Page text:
A dog with a high level of ketones in his urine suffers from a condition known as ketonuria, usually resulting from a buildup of these substances in the dog's blood. A ketone is a type of acid, which, if allowed to accumulate in the blood, can lead to ketoacidosis, a potentially fatal condition. The main health conditions that can cause high ketone levels in a canine are starvation and diabetes.
What Causes High Ketones in a Canine?
A dog's body breaks down the food that he eats into sugars, also called glucose, that the cells of the body use for energy. The dog's pancreas then produces the hormone insulin to regulate the amount of glucose that the body will absorb. If the insulin to regulate the glucose is insufficient, typically due to chronic diabetes mellitus, the body breaks down alternate sources of fuel for its cells; a dog's body that is starved of nutrition will do the same. One of these sources is the fat stored in the dog's body. When the body breaks down this fat, it produces as a by-product toxic acids known as a ketones. These ketones then build up in the dog's blood and also his urine, leading to ketoacidosis.
Always consult an experienced veterinarian regarding the health and treatment of your pet. A dog suffering from high ketone levels in his blood and urine exhibits symptoms of weight loss, vomiting, increased thirst, decreased appetite, increased urination, lethargy, low body temperature and yellowing of the skin and gums, according to PetMD. The dog's breath may also have a sweet, fruity smell due to the presence of acetone caused by ketoacidosis, says VetInfo. To properly diagnose high ketone levels and ketoacidosis in your dog, a veterinarian will take blood tests and a urinalysis, which will also check your dog's blood glucose levels.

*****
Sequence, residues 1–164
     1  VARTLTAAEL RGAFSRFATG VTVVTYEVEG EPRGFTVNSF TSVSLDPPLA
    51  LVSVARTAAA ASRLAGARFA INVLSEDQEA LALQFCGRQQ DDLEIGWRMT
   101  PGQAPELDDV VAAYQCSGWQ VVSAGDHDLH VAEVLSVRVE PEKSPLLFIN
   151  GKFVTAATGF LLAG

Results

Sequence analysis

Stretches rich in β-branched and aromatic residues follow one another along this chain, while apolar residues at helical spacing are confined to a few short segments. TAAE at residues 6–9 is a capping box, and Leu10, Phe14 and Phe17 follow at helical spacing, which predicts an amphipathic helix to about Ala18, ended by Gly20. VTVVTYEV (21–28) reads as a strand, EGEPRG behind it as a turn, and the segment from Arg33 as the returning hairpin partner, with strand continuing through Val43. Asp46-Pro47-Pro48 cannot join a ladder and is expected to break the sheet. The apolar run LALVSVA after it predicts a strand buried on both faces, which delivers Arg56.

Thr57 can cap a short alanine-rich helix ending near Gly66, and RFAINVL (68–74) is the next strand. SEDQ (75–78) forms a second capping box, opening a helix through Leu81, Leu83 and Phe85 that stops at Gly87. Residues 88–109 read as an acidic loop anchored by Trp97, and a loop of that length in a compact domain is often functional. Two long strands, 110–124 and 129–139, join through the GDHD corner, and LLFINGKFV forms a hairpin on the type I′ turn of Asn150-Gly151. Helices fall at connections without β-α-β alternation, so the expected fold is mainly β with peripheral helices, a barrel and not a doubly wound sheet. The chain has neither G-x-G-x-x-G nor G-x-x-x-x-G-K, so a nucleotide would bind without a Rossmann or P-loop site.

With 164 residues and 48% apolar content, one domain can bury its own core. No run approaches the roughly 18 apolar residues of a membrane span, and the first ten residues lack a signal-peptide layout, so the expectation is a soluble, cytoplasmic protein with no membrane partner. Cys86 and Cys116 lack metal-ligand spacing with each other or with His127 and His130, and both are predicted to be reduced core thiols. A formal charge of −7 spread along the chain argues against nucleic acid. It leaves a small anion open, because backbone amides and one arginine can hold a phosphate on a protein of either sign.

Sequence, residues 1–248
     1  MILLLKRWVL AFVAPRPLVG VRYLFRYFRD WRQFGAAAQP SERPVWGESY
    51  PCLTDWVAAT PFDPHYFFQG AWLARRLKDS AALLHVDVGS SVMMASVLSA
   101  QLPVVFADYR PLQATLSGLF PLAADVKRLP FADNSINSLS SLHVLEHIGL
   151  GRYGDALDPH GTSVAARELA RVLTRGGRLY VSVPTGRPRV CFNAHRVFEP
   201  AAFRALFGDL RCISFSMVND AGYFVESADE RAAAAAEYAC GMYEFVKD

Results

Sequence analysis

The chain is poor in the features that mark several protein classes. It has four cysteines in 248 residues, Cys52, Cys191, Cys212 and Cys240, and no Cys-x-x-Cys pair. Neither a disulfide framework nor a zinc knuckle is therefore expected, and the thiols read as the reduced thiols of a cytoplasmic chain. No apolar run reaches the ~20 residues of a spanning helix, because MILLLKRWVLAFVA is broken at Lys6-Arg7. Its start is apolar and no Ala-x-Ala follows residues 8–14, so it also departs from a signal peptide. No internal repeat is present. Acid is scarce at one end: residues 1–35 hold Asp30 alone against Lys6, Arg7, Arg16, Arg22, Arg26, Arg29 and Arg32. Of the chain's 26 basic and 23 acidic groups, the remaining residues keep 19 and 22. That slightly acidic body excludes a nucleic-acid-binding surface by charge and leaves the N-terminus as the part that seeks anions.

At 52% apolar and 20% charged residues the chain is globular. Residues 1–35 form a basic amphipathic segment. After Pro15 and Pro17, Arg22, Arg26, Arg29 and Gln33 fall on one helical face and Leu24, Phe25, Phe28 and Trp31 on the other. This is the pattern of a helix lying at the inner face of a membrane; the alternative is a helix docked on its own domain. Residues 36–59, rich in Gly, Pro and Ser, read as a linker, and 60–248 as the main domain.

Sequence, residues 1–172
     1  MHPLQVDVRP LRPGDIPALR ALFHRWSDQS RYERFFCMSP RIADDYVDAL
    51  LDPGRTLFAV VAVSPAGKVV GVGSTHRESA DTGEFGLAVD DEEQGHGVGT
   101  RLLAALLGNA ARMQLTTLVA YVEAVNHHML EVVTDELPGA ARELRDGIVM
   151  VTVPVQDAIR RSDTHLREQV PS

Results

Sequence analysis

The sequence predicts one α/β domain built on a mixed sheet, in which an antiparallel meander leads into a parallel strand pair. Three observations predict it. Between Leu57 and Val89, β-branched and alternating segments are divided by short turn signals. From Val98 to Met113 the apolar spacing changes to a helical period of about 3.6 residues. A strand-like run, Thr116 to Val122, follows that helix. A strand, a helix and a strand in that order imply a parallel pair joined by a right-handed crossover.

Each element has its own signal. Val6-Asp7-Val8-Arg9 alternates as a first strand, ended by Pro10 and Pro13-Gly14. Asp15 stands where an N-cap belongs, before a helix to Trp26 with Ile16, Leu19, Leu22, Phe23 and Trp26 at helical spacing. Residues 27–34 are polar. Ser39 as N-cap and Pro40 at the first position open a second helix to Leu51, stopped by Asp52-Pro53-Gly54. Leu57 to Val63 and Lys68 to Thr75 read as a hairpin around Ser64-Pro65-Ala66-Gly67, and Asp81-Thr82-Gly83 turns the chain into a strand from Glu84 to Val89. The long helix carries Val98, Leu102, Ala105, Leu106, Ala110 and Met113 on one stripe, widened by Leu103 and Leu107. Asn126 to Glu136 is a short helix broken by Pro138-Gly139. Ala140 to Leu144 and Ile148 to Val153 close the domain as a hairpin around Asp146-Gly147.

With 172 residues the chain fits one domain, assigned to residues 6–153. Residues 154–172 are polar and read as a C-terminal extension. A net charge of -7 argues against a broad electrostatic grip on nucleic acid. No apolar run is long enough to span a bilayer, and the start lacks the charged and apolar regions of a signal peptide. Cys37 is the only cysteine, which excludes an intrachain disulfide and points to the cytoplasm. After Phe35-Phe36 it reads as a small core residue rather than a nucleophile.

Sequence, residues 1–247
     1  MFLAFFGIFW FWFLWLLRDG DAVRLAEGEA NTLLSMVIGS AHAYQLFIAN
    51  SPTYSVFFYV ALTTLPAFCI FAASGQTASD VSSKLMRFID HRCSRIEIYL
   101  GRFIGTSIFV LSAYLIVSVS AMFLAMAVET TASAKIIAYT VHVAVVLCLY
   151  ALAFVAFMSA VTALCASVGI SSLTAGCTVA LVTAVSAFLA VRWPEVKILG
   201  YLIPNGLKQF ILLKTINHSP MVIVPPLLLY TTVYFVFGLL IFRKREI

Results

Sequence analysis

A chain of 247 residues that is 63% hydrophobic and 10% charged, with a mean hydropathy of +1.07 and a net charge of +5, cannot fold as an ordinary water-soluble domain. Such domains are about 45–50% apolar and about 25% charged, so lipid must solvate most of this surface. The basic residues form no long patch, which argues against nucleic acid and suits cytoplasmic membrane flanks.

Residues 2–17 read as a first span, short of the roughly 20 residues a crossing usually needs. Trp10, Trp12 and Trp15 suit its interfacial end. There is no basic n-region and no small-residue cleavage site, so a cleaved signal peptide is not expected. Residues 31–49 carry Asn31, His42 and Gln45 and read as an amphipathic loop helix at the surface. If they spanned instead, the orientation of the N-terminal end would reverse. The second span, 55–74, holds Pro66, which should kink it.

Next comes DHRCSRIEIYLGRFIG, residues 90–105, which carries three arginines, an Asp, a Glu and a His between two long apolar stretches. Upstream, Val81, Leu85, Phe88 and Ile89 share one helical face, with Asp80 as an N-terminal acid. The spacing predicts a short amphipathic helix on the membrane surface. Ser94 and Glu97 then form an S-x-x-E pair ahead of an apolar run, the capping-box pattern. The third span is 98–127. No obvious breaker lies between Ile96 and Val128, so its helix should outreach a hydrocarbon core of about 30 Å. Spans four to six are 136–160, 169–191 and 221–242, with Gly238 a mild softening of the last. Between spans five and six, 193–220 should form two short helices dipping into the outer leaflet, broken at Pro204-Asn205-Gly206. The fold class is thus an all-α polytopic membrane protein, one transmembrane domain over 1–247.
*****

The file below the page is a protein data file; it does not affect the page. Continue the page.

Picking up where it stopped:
Depending on the dog's physical condition, hospitalization at a veterinary office may be required to monitor his condition and administer intravenous fluids to prevent and treat dehydration. The veterinarian will administer insulin to reduce the levels of ketones and glucose in the blood and urine. Potassium supplementation may also be necessary to prevent hypokalemia, a condition that can accompany ketoacidosis, according to PetMD. Treatment for diabetes mellitus is ongoing and once at home, you need to administer insulin through an injection and test the dog's blood glucose levels as directed by your veterinarian. If ketoacidosis was due to starvation, feed the dog a nutritionally complete dog food in smaller amounts as recommended by the veterinarian.
Diabetic ketoacidosis can be triggered by stress, illness, trauma or failure to give your dog insulin for his diabetes. Concurrent conditions that can contribute to high ketone levels include cancer, pancreatitis, asthma and kidney or heart failure. Ketoacidosis requires emergency care to prevent coma or death, from which only 65 percent of dogs recover, according to VetInfo. While this recovery rate is low, a study published in the June 1993 edition of the Journal of the American Veterinary Medical Association showed that administering insulin in a continuous low-dose intravenous infusion for the first few days of hospitalization can counteract the ketones in his blood. This resulted in a 71 percent recovery rate.